Matthew Griffin, described as “The Adviser behind the Advisers” and a “Young Kurzweil,” is the founder and CEO of the World Futures Forum and the 311 Institute, a global Futures and Deep Futures consultancy working between the dates of 2020 to 2070, and is an award winning futurist, and author of “Codex of the Future” series. Regularly featured in the global media, including AP, BBC, Bloomberg, CNBC, Discovery, RT, Viacom, and WIRED, Matthew’s ability to identify, track, and explain the impacts of hundreds of revolutionary emerging technologies on global culture, industry and society, is unparalleled. Recognised for the past six years as one of the world’s foremost futurists, innovation and strategy experts Matthew is an international speaker who helps governments, investors, multi-nationals and regulators around the world envision, build and lead an inclusive, sustainable future. A rare talent Matthew’s recent work includes mentoring Lunar XPrize teams, re-envisioning global education and training with the G20, and helping the world’s largest organisations envision and ideate the future of their products and services, industries, and countries. Matthew's clients include three Prime Ministers and several governments, including the G7, Accenture, Aon, Bain & Co, BCG, Credit Suisse, Dell EMC, Dentons, Deloitte, E&Y, GEMS, Huawei, JPMorgan Chase, KPMG, Lego, McKinsey, PWC, Qualcomm, SAP, Samsung, Sopra Steria, T-Mobile, and many more.
WHY THIS MATTERS IN BRIEF
Aircraft cockpits haven’t changed much in decades, and digitising them opens up a host of new opportunities.
BAE Systems has announced that it’s looking to make the fighter jet cockpit of tomorrow a much simpler place for pilots by replacing conventional instruments and controls with a Virtual Reality (VR) system. This “wearable cockpit” would use Artificial Intelligence (AI) and eye-tracking technology to allow pilots to control their aircraft simply by looking and gesturing.
The vision is that instead of a complex arrays of dials, touchscreens, buttons, and knobs, the sixth generation fighter interior will be dominated by wide expanses of blank plastic panels with only a few of the most vital readouts and controls available.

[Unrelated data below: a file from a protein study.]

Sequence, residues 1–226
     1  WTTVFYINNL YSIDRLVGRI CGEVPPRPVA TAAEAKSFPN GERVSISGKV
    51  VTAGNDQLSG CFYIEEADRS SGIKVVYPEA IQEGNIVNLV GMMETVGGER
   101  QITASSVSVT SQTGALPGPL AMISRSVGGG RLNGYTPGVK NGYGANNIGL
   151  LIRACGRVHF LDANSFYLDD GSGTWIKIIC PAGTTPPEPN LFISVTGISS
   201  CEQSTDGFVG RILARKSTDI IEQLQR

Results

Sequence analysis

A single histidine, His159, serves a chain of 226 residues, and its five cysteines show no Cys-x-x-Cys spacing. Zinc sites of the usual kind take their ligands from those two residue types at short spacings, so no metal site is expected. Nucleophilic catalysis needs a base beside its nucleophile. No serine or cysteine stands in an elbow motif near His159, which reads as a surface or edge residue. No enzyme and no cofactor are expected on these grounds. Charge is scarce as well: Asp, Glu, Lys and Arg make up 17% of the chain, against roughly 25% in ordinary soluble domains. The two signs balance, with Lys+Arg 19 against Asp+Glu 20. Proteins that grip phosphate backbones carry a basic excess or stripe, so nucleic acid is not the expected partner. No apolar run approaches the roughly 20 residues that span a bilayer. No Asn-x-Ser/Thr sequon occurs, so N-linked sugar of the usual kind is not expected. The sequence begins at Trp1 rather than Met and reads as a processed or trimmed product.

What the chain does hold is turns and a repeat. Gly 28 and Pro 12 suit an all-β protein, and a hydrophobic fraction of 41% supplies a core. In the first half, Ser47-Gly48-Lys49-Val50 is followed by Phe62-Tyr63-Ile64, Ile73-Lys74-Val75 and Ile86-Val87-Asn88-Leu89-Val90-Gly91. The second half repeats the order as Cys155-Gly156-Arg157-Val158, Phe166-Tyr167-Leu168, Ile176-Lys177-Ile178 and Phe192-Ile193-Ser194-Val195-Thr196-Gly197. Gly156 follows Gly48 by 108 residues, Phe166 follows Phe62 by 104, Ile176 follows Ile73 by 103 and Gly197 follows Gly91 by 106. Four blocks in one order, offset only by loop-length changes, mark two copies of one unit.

That is, until the pilot puts on their helmet and turns it on. Then the panels, canopy, and even the pilot’s person will be festooned with readouts and controls designed to quickly provide critical information and respond in the most efficient way possible. It will also be a cockpit that can be reconfigured as easily as the home screen on a smartphone.
“In terms of future concepts, we are looking at what we are calling a ‘wearable cockpit’,” says BAE Lead Technologist Jean Page “Here, you remove many of the physical elements of the cockpit, and replace it with a virtual display, projected through the helmet. Essentially, it’s a software-only cockpit that’s upgradeable, adaptable and reconfigurable.
“In such a world, we need to think about what controls are critical to the pilot and then make them easier to manage. Eye tracking gives you the option of looking at something to highlight it and then making a gesture to ‘press’ a button, rather than having a series of physical buttons on the aircraft.”
Developed as part of the Tempest concept fighter, such a cockpit would have a number of advantages. Some of these would be quite obvious – fewer physical readouts and controls mean less material, less weight, and lower costs to build and maintain. In addition, a virtual cockpit could be modified by simply tweaking the software, and could even be altered in flight to match the mission.
Such a cockpit can even learn, allowing engineers to make it more efficient by, for example, making sure a warning light wasn’t set on the left-hand side of the pilot in a situation when he’s more likely to be looking to his right. The result would be cues that would be easier to read and easier to react to.
“The really clever bit will be that based on where the pilot is looking, we can infer the pilot’s goal and use intelligent systems to support task performance and reduce the pilot’s workload,” says Page. “We want to do it in a way that doesn’t always ask for permission, because that would get very annoying very quickly but equally, it is essential that it is always evident to the pilot what task the intelligent system is performing.”
Source: BAE Systems